Roy Davidson, 7 June 2018


Meridian Energy (MEL) is New Zealand’s largest electricity generator and has a 100% renewable generation platform. It owns and operates New Zealand’s largest portfolio of hydro and wind generation assets and generates about 30% of New Zealand’s electricity from seven hydro and four wind facilities. MEL’s generation and retail portfolio is carefully managed to reduce earnings volatility that can arise from adverse hydrological conditions. MEL has over 270,000 customers across its two brands, Meridian and Powershop. The Crown retains 51% ownership of MEL.


Wholesale electricity pricing can be very volatile, as it is driven largely by the levels of (and flows into) the hydro dams. The New Zealand electricity market is dominated by a small number of integrated generator/retailers. While the generators sell most of their power into the grid and through the wholesale market, the price that they receive for their generation is not materially dependent on the relatively volatile wholesale price. This is because about 90% of their generation is hedged, either naturally via retail off-take agreements at fixed prices, or through financial hedge sales and contracts for differences.

Recent 1H18 result (despite dry South Island hydro) highlights the company’s ability to mitigate risks through difficult periods. Despite hydro volumes being down 16%, the energy margin was down just 7%. Retail electricity competition is creating some headwinds, but this is something we are seeing across the broader market, and not only in NZ. MEL has growth opportunities into the Australian market via its Powershop brand – early performance has been promising. The company’s current capital distribution policy is in place through to December 2019 but given its strong balance sheet, we could see this extended.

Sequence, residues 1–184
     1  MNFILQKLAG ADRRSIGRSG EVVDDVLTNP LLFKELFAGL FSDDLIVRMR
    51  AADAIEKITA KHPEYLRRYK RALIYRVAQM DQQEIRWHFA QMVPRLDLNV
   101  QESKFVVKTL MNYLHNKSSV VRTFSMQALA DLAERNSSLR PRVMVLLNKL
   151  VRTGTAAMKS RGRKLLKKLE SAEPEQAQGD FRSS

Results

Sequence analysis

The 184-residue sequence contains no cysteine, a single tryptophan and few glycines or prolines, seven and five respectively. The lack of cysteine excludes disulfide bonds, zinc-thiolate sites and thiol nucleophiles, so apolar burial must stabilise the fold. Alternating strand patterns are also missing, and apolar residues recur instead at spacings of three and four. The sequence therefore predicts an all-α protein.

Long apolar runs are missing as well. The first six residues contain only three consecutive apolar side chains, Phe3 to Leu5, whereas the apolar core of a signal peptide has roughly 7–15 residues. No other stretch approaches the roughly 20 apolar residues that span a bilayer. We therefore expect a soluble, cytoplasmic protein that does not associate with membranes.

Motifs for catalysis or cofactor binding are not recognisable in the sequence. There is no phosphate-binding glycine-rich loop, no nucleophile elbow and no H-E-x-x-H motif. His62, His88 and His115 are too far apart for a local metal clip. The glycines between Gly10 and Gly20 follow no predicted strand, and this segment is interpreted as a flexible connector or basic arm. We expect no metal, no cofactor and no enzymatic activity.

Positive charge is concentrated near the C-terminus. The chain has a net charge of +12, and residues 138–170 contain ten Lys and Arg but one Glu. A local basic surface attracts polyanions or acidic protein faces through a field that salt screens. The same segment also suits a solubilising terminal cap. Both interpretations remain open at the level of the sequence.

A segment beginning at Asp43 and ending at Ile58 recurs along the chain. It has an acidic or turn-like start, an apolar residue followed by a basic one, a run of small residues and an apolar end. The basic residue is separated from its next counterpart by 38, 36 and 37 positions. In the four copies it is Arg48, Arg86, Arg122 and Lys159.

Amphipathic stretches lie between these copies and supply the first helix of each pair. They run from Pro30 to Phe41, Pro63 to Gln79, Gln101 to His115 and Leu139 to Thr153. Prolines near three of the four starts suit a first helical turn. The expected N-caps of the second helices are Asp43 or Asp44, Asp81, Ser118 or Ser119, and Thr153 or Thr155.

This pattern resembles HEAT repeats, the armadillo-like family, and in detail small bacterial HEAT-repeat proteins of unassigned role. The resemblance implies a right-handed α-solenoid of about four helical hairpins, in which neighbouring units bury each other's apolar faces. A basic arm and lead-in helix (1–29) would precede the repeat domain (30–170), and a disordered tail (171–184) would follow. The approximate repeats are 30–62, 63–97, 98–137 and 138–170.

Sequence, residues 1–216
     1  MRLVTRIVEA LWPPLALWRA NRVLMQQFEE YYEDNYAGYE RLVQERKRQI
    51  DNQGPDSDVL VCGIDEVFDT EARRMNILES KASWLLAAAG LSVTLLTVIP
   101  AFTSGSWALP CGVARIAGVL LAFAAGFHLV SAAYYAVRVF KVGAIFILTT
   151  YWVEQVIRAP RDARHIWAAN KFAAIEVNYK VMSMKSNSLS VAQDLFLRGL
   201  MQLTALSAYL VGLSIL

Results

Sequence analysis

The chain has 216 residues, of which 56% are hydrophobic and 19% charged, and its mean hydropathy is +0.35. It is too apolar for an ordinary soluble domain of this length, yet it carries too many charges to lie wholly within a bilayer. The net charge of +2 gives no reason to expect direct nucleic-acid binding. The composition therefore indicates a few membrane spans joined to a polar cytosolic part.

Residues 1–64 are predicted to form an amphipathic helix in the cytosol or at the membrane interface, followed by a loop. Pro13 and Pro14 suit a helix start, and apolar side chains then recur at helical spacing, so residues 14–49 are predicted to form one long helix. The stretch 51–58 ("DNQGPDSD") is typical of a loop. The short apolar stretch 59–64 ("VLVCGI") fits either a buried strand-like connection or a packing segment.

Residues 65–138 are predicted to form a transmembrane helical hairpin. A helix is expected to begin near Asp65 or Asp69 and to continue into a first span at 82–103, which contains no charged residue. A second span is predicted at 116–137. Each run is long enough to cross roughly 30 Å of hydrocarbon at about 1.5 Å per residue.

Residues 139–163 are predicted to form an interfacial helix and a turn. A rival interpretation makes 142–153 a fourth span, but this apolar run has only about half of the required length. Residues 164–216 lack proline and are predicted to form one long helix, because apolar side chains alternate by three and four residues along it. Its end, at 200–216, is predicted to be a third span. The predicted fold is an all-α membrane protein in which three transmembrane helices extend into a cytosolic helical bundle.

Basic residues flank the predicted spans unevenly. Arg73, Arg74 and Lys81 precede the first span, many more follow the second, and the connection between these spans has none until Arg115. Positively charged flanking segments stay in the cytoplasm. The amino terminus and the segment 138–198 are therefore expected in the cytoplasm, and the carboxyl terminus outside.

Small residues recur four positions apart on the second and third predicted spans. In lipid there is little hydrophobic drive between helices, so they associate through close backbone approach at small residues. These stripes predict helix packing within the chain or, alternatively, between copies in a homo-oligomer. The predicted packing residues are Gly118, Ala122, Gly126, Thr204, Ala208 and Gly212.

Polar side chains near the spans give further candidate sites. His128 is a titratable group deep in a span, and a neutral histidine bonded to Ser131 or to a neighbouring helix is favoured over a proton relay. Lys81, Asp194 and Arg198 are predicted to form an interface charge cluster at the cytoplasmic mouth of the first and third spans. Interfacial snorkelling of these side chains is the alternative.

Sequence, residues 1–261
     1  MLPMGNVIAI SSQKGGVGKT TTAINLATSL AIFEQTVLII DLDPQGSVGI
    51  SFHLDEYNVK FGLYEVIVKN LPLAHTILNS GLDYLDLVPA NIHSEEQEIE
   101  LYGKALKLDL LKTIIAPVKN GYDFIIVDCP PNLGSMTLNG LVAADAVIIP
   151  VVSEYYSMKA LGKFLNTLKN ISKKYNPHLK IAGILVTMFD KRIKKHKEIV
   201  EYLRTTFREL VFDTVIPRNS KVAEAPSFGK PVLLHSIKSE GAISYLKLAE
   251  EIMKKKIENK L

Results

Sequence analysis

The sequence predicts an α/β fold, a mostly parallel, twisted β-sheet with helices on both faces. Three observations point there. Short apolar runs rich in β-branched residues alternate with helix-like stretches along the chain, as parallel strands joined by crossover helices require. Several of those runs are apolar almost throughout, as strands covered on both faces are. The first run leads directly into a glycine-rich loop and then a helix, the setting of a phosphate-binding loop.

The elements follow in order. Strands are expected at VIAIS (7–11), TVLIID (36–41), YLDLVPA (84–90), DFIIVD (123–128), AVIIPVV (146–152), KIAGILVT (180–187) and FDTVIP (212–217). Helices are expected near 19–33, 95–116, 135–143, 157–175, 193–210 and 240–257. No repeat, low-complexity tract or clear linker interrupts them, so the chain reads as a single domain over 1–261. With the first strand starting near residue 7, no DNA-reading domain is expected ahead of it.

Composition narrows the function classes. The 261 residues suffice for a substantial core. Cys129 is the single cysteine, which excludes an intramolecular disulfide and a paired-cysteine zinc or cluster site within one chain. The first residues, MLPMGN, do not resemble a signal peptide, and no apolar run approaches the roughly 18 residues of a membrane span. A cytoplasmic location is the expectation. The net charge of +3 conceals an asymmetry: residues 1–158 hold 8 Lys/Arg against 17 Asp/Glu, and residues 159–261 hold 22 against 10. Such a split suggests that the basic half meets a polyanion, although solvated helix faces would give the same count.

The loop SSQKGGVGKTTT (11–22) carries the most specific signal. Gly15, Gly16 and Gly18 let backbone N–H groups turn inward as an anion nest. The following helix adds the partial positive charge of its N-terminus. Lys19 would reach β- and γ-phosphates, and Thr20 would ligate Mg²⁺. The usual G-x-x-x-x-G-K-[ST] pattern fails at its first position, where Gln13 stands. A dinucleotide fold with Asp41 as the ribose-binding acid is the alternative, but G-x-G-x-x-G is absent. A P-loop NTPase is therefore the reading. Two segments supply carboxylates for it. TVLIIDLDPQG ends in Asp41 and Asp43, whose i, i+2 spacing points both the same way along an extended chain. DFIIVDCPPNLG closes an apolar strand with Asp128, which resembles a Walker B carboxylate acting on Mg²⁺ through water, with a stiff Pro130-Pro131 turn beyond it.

The Electricity Authority is reviewing the rules that Transpower follows in setting the transmission pricing for the national electricity grid. One issue that has emerged in recent years is that power from North Island generators is often transferred across the Cook Strait HVDC link when South Island hydro lakes are at low levels. North Island generators pay nothing for using the link to send their power south, as all costs are allocated to South Island generators. One of the options outlined by the Authority is to change the pricing methodology to rectify this, which would see South Island electricity generators (like MEL) benefit strongly from much lower charges.

MEL is one of the better managed New Zealand electricity companies paying a sustainable dividend, supplemented by the multi-year capital return programme, while it has the lowest debt leverage in the sector. MEL remains a core holding in the PWR New Zealand equities portfolio.

Risks to MEL include: 1) Rising interest rates, 2) regulatory change, 3) increased competition.